Enticed by Lagos' spirited lifestyle, Burna Boy was keen to move to Lagos but Aristokrat was not ready. Peedi besought his Lagos-bred partner, Kayode to move back to Lagos from the United States to ease the transition process. In February, Kayode moved back to Lagos and for what would be their final gambit in PortHarcourt before relocating to Lagos, Aristokrat hosted a concert tagged 'Burna Live' in April 2012. The concert was mildly successful “There was a robbery at the road before the concert, people that were really dedicated braved it. This was a thing in PortHarcourt, they would block the road and rob cars when they know there’s a major event in the area.”
In May 2012, Aristokrat and their lead artist, Burna Boy, moved to Lagos and kickstarted a musical journey that would expand across multiple countries, impressive festival lineups, countless awards, and a Grammy win.
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Burna Boy did however return to Port-Harcourt in December of that year but only to rake all the awards at Port-Harcourt’s most prestigious award show, Odudu Awards.
The Aristokrat Dynasty
In May 2012 when Aristokrat tried to wiggle their way into the heart of the Lagos music scene; Mavin Records had just launched, Timaya’s Bum Bum was all over radio airwaves, and the clubs were littered with peak euphoria of Afrobeats new offshoot - the Pon pon sound.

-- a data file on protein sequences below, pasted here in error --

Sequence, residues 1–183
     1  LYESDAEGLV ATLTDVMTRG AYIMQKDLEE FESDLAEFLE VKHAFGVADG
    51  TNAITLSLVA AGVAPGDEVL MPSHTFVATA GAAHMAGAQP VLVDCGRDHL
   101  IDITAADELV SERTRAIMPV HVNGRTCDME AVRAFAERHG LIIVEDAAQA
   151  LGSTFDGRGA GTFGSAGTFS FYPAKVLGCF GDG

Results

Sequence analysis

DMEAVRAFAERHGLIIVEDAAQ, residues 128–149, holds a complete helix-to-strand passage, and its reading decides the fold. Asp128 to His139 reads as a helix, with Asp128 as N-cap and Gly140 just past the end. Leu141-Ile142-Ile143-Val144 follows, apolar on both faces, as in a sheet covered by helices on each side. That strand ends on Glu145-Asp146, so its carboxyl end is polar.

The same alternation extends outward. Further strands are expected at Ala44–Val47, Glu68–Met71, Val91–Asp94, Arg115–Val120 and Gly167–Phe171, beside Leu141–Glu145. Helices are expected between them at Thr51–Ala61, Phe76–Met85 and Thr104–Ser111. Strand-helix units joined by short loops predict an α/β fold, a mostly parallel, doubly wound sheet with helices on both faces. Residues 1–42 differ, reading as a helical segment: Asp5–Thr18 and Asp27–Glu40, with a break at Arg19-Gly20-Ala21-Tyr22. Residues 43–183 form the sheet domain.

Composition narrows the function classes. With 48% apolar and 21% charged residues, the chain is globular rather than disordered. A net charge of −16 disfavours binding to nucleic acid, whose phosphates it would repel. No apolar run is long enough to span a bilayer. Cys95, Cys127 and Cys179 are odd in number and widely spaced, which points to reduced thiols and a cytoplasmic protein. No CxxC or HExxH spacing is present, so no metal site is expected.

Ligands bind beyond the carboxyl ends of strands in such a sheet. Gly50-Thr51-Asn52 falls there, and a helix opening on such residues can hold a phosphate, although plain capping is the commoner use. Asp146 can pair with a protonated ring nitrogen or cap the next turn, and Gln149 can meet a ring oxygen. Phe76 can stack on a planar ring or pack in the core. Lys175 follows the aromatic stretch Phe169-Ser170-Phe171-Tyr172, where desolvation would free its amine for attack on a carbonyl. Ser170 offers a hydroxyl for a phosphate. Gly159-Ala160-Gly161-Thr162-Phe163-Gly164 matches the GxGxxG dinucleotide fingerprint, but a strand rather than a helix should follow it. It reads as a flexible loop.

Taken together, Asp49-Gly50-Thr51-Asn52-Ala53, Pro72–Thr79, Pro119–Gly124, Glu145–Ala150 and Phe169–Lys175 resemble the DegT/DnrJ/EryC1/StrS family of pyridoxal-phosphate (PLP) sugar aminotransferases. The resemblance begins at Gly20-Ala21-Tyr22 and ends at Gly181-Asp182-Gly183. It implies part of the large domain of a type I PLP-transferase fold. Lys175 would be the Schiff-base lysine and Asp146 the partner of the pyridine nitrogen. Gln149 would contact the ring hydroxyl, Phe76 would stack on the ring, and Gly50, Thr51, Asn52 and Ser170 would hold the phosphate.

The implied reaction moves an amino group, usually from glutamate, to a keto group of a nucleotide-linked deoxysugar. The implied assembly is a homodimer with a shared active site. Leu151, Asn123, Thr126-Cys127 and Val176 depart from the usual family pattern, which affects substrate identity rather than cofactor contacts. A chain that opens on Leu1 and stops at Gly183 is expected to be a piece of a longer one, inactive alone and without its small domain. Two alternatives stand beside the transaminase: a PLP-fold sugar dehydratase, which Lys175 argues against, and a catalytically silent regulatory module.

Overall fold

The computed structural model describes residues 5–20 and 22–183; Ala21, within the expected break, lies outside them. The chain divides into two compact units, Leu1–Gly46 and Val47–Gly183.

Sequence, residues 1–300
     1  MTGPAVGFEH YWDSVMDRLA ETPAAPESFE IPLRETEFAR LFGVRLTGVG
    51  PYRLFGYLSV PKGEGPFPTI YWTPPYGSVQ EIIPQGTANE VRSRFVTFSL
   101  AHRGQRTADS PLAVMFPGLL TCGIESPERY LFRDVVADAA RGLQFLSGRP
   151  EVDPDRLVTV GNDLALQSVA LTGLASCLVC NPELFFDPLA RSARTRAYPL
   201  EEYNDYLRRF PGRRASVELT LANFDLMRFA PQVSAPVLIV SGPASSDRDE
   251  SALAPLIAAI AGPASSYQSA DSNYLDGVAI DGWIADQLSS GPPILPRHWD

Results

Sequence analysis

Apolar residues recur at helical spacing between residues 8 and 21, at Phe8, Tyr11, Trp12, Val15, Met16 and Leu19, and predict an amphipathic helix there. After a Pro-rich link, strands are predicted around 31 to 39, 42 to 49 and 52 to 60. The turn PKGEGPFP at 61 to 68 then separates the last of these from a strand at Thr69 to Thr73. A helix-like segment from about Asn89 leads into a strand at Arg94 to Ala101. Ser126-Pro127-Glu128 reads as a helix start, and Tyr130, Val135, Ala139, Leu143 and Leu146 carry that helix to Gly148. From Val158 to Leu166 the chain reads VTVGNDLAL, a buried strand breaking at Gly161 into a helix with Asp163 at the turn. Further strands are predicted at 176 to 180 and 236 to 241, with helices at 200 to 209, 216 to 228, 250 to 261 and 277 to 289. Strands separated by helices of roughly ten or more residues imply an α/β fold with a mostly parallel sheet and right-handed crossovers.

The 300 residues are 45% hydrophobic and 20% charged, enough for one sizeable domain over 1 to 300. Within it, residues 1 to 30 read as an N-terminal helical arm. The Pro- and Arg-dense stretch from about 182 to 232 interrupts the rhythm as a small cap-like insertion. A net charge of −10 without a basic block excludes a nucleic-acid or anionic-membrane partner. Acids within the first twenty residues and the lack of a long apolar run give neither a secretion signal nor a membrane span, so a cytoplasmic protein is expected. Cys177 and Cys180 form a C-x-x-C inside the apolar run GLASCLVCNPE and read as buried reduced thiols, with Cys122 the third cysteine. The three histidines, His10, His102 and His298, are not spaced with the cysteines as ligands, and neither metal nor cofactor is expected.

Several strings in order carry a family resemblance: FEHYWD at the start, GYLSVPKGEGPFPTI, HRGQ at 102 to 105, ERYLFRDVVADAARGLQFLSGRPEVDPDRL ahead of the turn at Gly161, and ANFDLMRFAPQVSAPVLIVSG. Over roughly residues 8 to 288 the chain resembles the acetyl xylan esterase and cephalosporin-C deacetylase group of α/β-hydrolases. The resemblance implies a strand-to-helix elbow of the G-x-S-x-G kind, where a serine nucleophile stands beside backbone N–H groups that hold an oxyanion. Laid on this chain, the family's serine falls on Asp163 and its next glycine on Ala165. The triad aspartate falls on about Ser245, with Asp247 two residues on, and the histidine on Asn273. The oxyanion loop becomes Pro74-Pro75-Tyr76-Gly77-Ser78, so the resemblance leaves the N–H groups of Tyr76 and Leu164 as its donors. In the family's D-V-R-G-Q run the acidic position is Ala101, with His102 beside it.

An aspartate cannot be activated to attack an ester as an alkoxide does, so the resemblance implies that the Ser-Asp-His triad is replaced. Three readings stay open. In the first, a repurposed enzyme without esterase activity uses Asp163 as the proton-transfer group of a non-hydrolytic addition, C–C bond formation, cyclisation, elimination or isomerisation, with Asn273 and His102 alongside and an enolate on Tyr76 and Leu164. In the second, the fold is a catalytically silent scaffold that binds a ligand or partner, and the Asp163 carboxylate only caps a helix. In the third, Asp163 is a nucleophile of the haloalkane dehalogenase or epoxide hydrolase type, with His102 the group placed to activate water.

“We had a song, Touch Your Toes, that appealed to the market. Bigtime at Rhythm FM was already playing Touch Your Toes.” Peedi rallied me through Aristokrat’s moment of reckoning. “We were like let’s just do something new and fresh, something that will stand out, so we put out Like To Party. The song was recorded in December 2011. We said we'll get back to Touch Your Toes after Like to Party but we never did.”
Following the success of Like to Party, Burna Boy followed up with a slew of widely accepted singles that skyrocketed his career, and platformed him as one of the most exciting next-gen Afrobeats artists at the time. Burna’s astronomical rise transitively put Aristokrat on the map, and beamed the first attempt of the Aristokrat dynasty with artists such as Ozone, Mojeed, Pucado and Karma being added to the roster.
“We discovered Ozone during the time of Burn Identity in Port Harcourt. He was friends with Leriq. Mojeed was from a New York-based website that used to do barbershop battles. I met Pucado the same day I met Leriq. He was simply a hustler that had such an infectious personality. He was Burna’s hype man in Port Harcourt off his personality at some point. Karma, we discovered from Project Fame.”